Competitive Enterprise Institute Report Makes the Case for BioGenerics; House Mulls Competing BioGeneric Legislation
On May 22, 2007, the Competitive Enterprise Institute (“CEI”), a self-described non-profit public policy organization dedicated to advancing the principles of free enterprise and limited government, published a report, titled “Healthy Competition: The Case for Generic and Follow-On Biologics.” The report, authored by Gregory Conko, states:
[M]any groups have sought the creation of a new abbreviated regulatory pathway for generic—or what the FDA calls “follow-on”—biopharmaceuticals. It may be possible for FDA to establish such an abbreviated approval process on its own, and the agency’s initial attempt to create such a process for generic conventional drugs may serve as a useful model. That effort was frustrated, however, by a variety of inefficiencies, so new statutory authority is probably necessary to make the approval process for follow-on biopharmaceuticals efficient and effective. . . . [Some] observers note that, because the research and development costs for biopharmaceuticals are significantly greater than for conventional drugs, and because the biotechnology industry is considerably less mature, Congress should enact special provisions—such as additional patent life or data exclusivity protections—that will help the industry remain viable. Indeed, Congress should consider certain limited incentives for innovation. However, once the patent and data exclusivity protections expire, there should be a simple and proficient method for getting approval of follow-on biopharmaceuticals.
The report also cites several FDA drug approval actions, including the Agency’s May 2006 approval of a 505(b)(2) application for OMNITROPE (somatropin [rDNA origin]) for injection, as an indication that “FDA has begun to reconsider the ‘process is the product’ philosophy that has governed biologics regulation since 1902 —at least so far as small and relatively well-characterized protein products are concerned.” Indeed, FDA has been departing from the “process is the product” philosophy ever since the mid 1990s when the Agency accepted “bioequivalence data” to compare the monoclonal antibody produced at an original manufacturing site to the monoclonal antibody submitted to FDA as VERLUMA (nofetumomab). This change was further signaled in 1996 when FDA issued its comparability guidance document, “Demonstration of Comparability of Human Biological Products, Including Therapeutic Biotechnology-derived Products,” which permits reliance on clinical data from a “precursor product” if there is evidence of comparability.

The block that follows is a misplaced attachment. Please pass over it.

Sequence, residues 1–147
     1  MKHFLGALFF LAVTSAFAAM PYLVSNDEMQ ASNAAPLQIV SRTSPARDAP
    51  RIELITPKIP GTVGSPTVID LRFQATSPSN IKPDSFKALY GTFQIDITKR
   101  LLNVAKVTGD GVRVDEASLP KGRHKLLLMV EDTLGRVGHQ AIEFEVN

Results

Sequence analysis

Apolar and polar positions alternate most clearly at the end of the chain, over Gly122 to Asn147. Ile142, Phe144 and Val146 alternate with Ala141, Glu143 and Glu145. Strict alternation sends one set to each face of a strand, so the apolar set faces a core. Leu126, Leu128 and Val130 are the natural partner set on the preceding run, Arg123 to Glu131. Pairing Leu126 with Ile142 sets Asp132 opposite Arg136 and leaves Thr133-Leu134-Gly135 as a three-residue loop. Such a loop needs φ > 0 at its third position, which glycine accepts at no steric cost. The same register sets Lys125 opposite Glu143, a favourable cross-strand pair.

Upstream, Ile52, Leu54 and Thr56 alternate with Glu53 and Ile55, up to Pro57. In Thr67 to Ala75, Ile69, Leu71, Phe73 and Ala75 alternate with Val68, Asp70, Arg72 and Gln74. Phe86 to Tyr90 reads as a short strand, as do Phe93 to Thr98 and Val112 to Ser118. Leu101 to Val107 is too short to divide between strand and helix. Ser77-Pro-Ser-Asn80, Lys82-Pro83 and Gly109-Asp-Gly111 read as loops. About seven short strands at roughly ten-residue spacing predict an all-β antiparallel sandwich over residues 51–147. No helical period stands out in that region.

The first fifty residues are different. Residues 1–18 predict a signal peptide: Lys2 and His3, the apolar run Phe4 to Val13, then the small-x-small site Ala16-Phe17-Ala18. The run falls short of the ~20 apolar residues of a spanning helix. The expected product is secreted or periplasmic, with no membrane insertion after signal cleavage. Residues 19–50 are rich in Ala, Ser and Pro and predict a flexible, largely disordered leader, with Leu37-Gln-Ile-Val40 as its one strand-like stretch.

Meanwhile, the U.S. House of Representatives is considering two competing bills that would create a biogeneric approval pathway. The first bill, H.R. 1038 (“Access to Life-Saving Medicine Act”), was introduced by Rep. Henry Waxman (D-CA) earlier this year, and is generally backed by supporters of generic biologics. The bill would amend the Public Health Service Act (“PHS Act”) to authorize FDA to approve applications for products that are “comparable” to and “interchangeable” with an innovator product. A generic applicant may elect to establish that its product can be substituted for the innovator product. To encourage the development of interchangeable products, the first generic applicant to obtain approval would be awarded a 180-day exclusivity period during which no other interchangeable version may be approved. However, FDA may approve a comparable version if the product has not been shown to be interchangeable.
The second bill, H.R. 1956 (“Patient Protection and Innovative Biologic Medicines Act of 2007”), was introduced by Rep. Jay Inslee (D-WA) in April 2007. The bill would, among other things, amend the PHS Act to authorize FDA to approve “similar biological products,” but would prevent interchangeability. In addition, the bill would provide marking exclusivity to innovator drug companies.